Today, 414 cities boast populations of a million or more, and there's no end in sight. As long as the human race had to rely on solar flow, the winds and currents and animal and human power to sustain life, the human population remained relatively low to accommodate nature's carrying capacity: the biosphere's ability to recycle waste and replenish resources.

The tipping point was the exhuming of large amounts of stored sun, first in the form of coal deposits, then oil and natural gas. Harnessed by the steam engine and later the internal combustion engine, and converted to electricity and distributed across power lines, fossil fuels allowed humanity to create new technologies that dramatically increased food production and manufactured goods and services.

The unprecedented increase in productivity led to runaway population growth and the urbanization of the world. No one is really sure whether this turning point in human living arrangements ought to be celebrated, lamented or merely acknowledged.

That's because our burgeoning population and urban way of life have been purchased at the expense of vast ecosystems and habitats.

Cultural historian Elias Canetti once remarked that each of us is a king in a field of corpses.

If we were to stop for a moment and reflect on the number of creatures and the amount of Earth's resources and materials we have expropriated and consumed in our lifetime, we would be appalled at the carnage and depletion used to secure our existence. Large populations living in megacities consume massive amounts of the Earth's energy to maintain their infrastructures and daily flow of human activity.

The Sears Tower alone uses more electricity in a single day than the city of Rockford, Ill., with 152,000 people. Even more amazing, our species now consumes nearly 40 per cent of the net primary production on Earth - the amount of solar energy converted to plant organic matter through photosynthesis - even though we make up only one half of 1 per cent of the animal biomass of the planet. This means less for other species to use.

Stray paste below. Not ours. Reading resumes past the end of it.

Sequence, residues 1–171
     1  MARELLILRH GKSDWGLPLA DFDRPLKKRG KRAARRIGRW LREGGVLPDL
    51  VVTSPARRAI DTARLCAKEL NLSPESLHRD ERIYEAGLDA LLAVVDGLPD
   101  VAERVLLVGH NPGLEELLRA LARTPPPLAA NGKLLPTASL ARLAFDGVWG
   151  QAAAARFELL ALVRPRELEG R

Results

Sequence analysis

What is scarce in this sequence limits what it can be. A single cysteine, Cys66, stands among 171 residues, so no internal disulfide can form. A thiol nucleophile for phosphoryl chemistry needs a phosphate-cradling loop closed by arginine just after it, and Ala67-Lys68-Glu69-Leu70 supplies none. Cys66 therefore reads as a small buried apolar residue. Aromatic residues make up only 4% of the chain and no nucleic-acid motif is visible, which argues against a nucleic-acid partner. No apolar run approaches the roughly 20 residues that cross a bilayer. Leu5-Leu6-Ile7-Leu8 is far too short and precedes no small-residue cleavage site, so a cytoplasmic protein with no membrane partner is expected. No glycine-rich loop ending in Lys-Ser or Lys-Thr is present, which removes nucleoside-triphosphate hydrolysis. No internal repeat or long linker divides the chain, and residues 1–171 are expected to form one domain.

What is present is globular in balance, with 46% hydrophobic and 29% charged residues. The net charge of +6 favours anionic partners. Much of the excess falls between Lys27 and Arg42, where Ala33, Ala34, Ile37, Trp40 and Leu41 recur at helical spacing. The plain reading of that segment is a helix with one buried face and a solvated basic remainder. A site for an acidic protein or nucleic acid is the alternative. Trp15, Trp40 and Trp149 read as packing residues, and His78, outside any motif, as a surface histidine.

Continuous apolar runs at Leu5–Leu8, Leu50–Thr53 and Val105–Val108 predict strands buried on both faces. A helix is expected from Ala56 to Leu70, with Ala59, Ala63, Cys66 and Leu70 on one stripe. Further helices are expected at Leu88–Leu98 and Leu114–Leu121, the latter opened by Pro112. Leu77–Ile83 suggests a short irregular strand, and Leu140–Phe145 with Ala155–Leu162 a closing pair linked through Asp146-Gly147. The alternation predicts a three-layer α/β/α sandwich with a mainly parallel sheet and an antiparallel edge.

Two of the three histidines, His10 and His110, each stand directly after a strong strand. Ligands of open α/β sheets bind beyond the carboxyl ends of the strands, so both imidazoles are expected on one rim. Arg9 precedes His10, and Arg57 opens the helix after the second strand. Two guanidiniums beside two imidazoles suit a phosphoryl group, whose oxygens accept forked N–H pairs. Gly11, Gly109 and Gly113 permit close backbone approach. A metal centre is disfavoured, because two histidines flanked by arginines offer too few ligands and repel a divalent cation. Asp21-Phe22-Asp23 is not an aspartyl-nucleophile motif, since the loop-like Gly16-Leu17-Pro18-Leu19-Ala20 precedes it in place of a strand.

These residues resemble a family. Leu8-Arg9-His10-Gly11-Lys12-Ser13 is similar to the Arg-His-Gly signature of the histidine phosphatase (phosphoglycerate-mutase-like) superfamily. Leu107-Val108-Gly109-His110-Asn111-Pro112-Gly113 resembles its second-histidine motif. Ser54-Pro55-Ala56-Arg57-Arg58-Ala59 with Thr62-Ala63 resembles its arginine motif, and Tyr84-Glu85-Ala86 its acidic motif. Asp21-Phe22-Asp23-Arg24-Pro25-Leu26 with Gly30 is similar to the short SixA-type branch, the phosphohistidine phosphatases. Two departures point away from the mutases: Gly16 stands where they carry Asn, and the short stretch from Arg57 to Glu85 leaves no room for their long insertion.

The flip side of urbanization is what we are leaving behind on our way to a world of 100-storey office buildings and high-rise residences and landscapes of glass, cement, artificial light and electronic interconnectivity.

It's no accident that as we celebrate the urbanization of the world, we are quickly approaching another historic watershed: the disappearance of the wild.

Rising population; growing consumption of food, water and building materials; expanding road and rail transport and urban sprawl continue to encroach on the remaining wild, pushing it to extinction. Scientists tell us that within the lifetime of today's children, the wild will disappear from the face of the Earth.

The Trans-Amazon Highway, which cuts across the entire expanse of the Amazon rain forest, is hastening the obliteration of the last great wild habitat. Other remaining wild regions, from Borneo to the Congo Basin, are fast diminishing with each passing day, making way for growing human populations in search of living space and resources. It's no wonder that (according to Harvard biologist E.O. Wilson) we are experiencing the greatest wave of mass extinction of animal species in 65 million years. We are losing 50 to 150 species to extinction per day, or between 18,000 and 55,000 species a year.

By 2100, two-thirds of the Earth's remaining species are likely to be extinct. Where does this leave us? Try to imagine 1,000 cities of a million or more just 35 years from now. It boggles the mind and is unsustainable for Earth. I don't want to spoil the party, but perhaps the commemoration of the urbanization of the human race in 2007 might be an opportunity to rethink the way we live. Certainly there is much to applaud about urban life: its rich cultural diversity and social intercourse and its dense commercial activity.

But the question is one of magnitude and scale.

We need to ponder how best to lower our population and develop sustainable urban environments that use energy and resources more efficiently, are less polluting and better designed to foster human-scale living arrangements.

In the great era of urbanization we have increasingly shut off the human race from the rest of the natural world in the belief that we could conquer, colonize and utilize the riches of the planet to ensure our autonomy without dire consequences to us and future generations.

In the next phase of human history, we will need to find a way to reintegrate ourselves into the rest of the living Earth if we are to preserve our own species and conserve the planet for our fellow creatures.

- Jeremy Rifkin is the author of The Age of Access: The New Culture of Hypercapitalism Where All of Life is a Paid-For Experience and president of the Foundation on Economic Trends.


Informant: Scott Munson